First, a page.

Addressing a Systemic Problem
Modern cardiology is largely reactive. A patient visits a family doctor for a routine physical or unrelated condition and discovers she has a poor lipid profile or high blood pressure. If the results are significant, she’ll probably get a prescription. But patients don’t usually see a cardiologist until their symptoms are severe or they have experienced some kind of cardiac event.
At this point, heart disease already exists and has been progressing for some time. Since heart disease is both preventable and reversible, why allow it to become a problem before creating a plan to address it? Translating this approach to infectious disease, it would be like allowing an infection to spread and endanger a patient’s life before providing antibiotics.
If we began to address heart disease earlier in the process, accurately assessing risk and crafting individualized programs that address the needs and unique challenges posed by each patient, how would things change? According to the CDC, it would prevent more than 200,000 deaths each year from heart disease and stroke. And we’re not just talking about the elderly — 60% of those deaths occur in people who are under 65.
There are better methods to assess coronary risk factors and allow for earlier intervention much sooner in a person’s life. Once we better understand individual risk we can create lifestyle modifications that greatly reduce the chance of heart disease and stroke.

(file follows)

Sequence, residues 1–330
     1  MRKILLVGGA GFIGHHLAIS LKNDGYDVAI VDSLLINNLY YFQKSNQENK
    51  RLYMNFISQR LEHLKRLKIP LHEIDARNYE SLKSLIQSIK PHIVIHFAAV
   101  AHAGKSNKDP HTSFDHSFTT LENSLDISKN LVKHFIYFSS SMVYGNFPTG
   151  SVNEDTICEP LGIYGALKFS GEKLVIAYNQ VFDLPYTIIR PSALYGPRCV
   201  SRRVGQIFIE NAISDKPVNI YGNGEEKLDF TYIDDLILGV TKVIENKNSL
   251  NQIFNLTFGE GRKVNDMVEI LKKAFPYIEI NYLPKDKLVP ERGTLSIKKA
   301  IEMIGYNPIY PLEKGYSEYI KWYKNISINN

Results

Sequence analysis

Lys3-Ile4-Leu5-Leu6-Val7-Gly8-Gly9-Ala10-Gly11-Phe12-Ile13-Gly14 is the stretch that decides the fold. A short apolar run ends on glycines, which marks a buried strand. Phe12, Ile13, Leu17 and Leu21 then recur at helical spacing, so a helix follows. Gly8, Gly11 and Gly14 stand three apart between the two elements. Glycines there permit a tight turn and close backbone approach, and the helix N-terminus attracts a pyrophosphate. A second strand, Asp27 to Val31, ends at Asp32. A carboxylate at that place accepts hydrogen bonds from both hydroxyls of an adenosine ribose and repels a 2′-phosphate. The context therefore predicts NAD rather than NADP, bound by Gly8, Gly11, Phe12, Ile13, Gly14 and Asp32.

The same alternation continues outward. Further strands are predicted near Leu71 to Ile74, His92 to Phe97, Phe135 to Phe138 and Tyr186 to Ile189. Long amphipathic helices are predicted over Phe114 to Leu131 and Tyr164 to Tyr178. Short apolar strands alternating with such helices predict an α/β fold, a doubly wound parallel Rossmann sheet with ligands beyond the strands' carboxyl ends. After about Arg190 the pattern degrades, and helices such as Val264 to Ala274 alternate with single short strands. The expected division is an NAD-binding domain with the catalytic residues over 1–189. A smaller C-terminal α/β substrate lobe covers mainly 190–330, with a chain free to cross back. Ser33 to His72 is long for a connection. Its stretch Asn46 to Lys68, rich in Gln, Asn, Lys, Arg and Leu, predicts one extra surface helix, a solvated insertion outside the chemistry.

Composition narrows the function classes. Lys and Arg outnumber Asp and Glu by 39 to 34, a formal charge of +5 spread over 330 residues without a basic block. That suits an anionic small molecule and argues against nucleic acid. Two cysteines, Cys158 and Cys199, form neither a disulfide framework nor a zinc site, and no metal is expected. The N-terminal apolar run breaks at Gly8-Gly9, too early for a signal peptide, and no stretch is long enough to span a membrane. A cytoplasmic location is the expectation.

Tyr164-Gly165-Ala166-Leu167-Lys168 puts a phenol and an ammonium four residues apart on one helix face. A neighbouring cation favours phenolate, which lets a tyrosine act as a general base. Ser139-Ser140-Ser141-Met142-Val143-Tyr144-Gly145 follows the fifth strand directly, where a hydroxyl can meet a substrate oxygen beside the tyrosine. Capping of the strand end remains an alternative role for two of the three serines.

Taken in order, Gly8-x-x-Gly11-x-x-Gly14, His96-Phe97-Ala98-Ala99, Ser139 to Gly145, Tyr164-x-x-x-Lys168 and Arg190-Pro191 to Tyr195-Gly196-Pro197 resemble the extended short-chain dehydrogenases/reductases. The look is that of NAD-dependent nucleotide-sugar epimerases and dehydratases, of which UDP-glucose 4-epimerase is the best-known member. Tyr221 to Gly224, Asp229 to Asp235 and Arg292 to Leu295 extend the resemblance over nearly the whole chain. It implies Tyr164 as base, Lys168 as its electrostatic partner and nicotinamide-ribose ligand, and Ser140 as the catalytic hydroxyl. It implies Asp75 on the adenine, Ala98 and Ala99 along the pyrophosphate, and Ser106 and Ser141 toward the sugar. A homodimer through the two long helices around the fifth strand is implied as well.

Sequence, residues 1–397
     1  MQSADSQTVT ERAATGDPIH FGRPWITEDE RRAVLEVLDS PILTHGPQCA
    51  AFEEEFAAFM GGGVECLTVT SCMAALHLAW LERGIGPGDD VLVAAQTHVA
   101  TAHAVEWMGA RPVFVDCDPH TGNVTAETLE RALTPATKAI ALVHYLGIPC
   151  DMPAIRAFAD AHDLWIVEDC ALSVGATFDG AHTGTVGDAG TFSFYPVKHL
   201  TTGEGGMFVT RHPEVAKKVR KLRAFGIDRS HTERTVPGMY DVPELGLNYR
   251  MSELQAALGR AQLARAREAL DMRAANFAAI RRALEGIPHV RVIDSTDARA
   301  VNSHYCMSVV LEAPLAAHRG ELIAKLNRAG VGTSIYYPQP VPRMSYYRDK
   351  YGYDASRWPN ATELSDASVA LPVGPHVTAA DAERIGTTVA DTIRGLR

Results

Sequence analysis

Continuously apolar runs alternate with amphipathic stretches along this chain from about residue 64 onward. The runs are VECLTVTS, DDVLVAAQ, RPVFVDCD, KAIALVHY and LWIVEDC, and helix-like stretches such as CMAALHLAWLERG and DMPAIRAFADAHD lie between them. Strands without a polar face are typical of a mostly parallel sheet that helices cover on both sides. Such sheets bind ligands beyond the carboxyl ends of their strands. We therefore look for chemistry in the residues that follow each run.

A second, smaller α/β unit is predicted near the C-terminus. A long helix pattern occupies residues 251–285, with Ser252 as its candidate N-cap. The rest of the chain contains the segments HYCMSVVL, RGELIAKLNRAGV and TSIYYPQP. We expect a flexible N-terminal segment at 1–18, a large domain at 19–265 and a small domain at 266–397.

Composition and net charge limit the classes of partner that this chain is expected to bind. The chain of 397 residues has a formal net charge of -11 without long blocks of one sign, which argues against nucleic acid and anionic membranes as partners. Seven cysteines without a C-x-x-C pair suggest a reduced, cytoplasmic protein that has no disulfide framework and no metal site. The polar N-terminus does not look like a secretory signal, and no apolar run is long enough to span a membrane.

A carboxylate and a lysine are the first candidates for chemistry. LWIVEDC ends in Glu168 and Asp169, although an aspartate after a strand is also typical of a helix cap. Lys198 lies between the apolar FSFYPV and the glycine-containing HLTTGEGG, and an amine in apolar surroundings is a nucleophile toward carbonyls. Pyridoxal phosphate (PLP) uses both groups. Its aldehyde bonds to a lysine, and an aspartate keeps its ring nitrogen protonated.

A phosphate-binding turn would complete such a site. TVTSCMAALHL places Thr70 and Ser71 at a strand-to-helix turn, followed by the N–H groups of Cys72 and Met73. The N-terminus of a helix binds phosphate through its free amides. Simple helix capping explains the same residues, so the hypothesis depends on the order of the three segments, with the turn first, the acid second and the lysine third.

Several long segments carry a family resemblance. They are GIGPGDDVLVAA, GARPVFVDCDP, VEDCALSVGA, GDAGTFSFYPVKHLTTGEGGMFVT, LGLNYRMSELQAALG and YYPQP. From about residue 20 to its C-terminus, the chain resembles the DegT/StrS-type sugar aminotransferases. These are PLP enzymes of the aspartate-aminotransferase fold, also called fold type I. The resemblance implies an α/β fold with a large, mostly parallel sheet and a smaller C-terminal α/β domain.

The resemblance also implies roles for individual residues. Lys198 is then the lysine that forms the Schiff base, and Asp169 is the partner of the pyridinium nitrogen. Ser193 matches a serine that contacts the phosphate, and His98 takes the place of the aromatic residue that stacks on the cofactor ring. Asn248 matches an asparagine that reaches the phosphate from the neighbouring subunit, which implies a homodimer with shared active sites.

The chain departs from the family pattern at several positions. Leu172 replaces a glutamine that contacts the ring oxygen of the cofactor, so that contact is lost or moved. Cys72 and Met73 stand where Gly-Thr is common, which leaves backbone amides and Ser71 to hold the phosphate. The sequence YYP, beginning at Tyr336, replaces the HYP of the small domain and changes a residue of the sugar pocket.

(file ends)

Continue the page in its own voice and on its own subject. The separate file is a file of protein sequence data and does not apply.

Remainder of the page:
Proper treatment and prevention of heart disease requires treating each person as a whole person -— their needs and wants, their family and work situations, even their feelings and beliefs must be considered. We craft programs that include every potential avenue to better health: what you do, what you eat, what you take and how you think.
At the Texas Center for Preventive Cardiology, we see each patient as unique. We take the time to understand how your past created your current conditions, and we work with you to define a future that encompasses your preferences, goals and needs. Your journey to cardiovascular health does not have to follow a path you forge alone — we’ll be with you each step of the way.
If you are interested in learning more about your real risk for heart disease and how to make changes in your life that can transform your health, contact the Texas Center for Preventive Cardiology, where the practice of medicine meets the practice of life.